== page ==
But green tarlatan is not the only fabric which contains arsenic. We find arsenic sometimes in other substances used in making articles of wearing apparel, usually in the form of arsenical pigments. The writer detected a large amount of arsenic in a specimen of cloth known as “Foulard cambric,” which had been made into a dress; after wearing the dress a short time severe conjunctivitis was produced, together with nasal catarrh, pharyngitis, and symptoms of gastric irritation. The pattern of the dress consisted of alternate stripes of light-blue and navy-blue, and contained 0.291 grm. per square meter. Conjunctivitis has also been recorded from wearing of “tulle” dresses. A pustular eruption upon the neck and arms was caused by “a splendid dark-green dress, trimmed with light-green leaves,” obtained “from a well-known Parisian atelier;” the dress was found to contain “a large percentage of arsenic.”

Excessive irritation of the skin has frequently been caused by wearing stockings colored with an arsenical pigment. The writer has detected arsenic most frequently in light-red, magenta-colored and brown stockings;…..

There is what appears to be an excellent study of the subject here


While it seems unlikely to me that any vintage gown would be worn frequently enough for any modern poisoning to be severe ,the use of chemicals in the dye process should be an issue anyone wearing Victorian items is aware of .While most of us are unlikely to wear Victorian gowns ,I have worn Victorian stockings on one occasion when absolute accuracy was required and use Victorian lace and despite concerns about damage I always throughly soak and then wash under running water vintage items ,,Stockings ,gloves ,bonnets shawls may all have traces of arsenic .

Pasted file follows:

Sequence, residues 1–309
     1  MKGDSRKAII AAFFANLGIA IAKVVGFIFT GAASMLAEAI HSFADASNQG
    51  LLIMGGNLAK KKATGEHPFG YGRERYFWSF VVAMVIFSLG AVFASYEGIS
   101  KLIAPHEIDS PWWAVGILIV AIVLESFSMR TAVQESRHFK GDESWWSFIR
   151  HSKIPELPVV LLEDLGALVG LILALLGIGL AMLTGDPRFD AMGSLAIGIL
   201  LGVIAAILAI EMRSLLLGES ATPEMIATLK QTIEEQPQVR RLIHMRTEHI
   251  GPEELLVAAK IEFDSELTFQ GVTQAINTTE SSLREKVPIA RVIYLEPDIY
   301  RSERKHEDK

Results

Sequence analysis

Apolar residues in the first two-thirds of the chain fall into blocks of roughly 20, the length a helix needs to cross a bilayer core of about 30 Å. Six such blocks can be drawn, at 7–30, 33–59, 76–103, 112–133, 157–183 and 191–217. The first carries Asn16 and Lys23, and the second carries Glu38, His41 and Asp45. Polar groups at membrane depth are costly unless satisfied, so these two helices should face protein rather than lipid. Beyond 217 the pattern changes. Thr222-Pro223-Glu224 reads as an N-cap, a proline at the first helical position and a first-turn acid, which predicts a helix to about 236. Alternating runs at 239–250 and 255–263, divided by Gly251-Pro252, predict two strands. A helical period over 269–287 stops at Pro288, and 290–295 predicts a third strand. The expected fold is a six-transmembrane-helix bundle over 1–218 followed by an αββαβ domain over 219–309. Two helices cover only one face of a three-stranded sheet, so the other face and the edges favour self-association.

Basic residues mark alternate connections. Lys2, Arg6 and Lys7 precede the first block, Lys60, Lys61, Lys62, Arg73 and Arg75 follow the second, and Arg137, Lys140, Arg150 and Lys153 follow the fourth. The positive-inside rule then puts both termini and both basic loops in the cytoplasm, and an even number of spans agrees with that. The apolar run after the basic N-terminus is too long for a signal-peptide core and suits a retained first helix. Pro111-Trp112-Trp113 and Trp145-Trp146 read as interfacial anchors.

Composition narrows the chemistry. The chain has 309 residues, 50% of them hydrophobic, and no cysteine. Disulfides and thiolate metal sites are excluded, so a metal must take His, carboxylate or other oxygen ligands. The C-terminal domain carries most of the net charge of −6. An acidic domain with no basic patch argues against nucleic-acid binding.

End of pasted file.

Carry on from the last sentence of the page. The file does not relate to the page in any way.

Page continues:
report from Victorian newspaper

‘The evil effects of socks are well-known,’ said one newspaper, reporting that an MP was among many who had found themselves disabled after wearing arsenical stockings.

It’s should not be assumed this was a health scare that like many modern ones is based on hype and odd incidents of susceptible individuals,the amounts of arsenic found were extremely high and well recorded

1848 lancet,,,,

Examining the ball gown worn by one London society hostess, a doctor found 60 grains of Scheele’s Green per square yard – enough to kill 12 people. More alarmingly still, it was so loosely bound into the fabric that even the gentlest waltz could send it billowing out in a cloud of poisonous dust.

While not many people may buy or wear vintage Victorian clothing Lovers of vintage Victorian or pre Victorian  decorative items should also be aware it was used in curtains table runners ,paint on toys and other domestic items ,stuffed animals and wallpapers.Its considered a possibility that Napoleon was poisoned not by his captors but by the green wallpaper in his rooms .The ubiquity of arsenic in victorian wall coverings should not be underestimated and care taken when removing old paper from walls,,